Practice Makes Perfect. Sawing away!

We were having supper with our good friends Bertram, Bobbie and their daughter Madeline. Bertram is a wonderful musician and spends many hours a day practicing the Bandoneon (see his website). Bertram, as is his way, made the observation that musicians spend hours and years perfecting their art and that woodworkers seem to expect to get things right the first time.

I couldn't particularly disagree with him. We, woodworkers, want to make the project right the first time and tie ourselves in knots in the process. The more experienced (those with the most practice) are better able to get it right the first time - but even then every project can be an adventure.

I remind folks when learning to cut dovetails that sacrificing a 2x4 to improving your sawing skills is no bad thing. Every morning mark up ten straight lines and ten inclined lines. Crank the wood up in the vice and practice those 20 cuts. Repeat for a week. You'll be surprised how much easier it becomes!

When I was stuck in the bitmines (read software development) we were trying to apply metrics to the work we were doing. It taught me a simple lesson - you don't know if you're getting better unless you record and measure what you are doing. So at the end of the session mark your cuts on a scale of 1-10. A perfect 10 is when you split the line on all three sides of the 2x4. 1 is when you are way off the line and then cross it (you'll know what I mean). Tot up the score and keep track daily.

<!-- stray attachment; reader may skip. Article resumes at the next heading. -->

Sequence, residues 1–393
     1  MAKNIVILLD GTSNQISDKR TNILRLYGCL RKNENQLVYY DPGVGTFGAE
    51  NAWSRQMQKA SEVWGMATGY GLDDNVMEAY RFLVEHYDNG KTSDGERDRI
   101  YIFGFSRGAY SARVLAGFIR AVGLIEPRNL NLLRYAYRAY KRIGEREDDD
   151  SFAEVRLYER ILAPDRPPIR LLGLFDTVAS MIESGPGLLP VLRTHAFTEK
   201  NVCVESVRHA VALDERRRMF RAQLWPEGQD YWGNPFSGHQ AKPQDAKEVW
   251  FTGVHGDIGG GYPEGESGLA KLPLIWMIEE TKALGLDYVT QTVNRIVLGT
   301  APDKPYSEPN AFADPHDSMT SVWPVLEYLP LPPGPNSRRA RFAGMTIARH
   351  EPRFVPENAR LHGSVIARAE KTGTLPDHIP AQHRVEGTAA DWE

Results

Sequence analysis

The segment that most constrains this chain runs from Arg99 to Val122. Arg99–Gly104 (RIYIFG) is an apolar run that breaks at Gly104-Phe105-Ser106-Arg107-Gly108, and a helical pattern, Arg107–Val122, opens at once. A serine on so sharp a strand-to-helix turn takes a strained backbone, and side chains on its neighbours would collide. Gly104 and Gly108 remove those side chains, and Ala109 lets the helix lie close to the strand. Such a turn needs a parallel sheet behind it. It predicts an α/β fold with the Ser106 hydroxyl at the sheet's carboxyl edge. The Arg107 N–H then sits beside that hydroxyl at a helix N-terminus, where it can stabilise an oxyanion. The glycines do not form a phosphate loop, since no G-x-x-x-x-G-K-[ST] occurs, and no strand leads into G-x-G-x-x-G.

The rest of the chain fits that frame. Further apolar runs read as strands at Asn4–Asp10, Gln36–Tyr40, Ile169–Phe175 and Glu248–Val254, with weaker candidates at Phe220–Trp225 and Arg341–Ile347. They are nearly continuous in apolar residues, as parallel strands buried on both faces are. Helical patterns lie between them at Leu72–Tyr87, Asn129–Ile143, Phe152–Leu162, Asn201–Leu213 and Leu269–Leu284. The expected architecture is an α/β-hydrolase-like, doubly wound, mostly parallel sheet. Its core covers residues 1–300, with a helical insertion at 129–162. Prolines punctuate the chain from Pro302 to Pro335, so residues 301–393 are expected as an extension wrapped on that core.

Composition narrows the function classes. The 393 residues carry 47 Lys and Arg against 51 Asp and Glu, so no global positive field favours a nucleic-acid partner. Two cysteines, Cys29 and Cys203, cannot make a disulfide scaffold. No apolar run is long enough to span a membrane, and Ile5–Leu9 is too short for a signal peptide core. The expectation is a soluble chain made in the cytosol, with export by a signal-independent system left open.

One of the things that beginners find hard to do is to relax when you are sawing. You have to relax and let the blade follow the line. If you try to force it, like a cat, it will wander away from the line.

I prefer to use Japanese handsaws for fine work like dovetails. The pull stroke tensions the blade and holds it straight. I also like to use the biggest set of muscles I can to do handwork. That may sound strange but there is a simple explanation.

When sawing I like to rock (there is a better way to say that but it escapes me now) backwards and forwards using my upper legs and then I can use my hands and arms for the fine control of the blade rather trying to control both the motion of my arms and hands!

There's a lot more to say about practice in woodworking and we'll share more in the classes.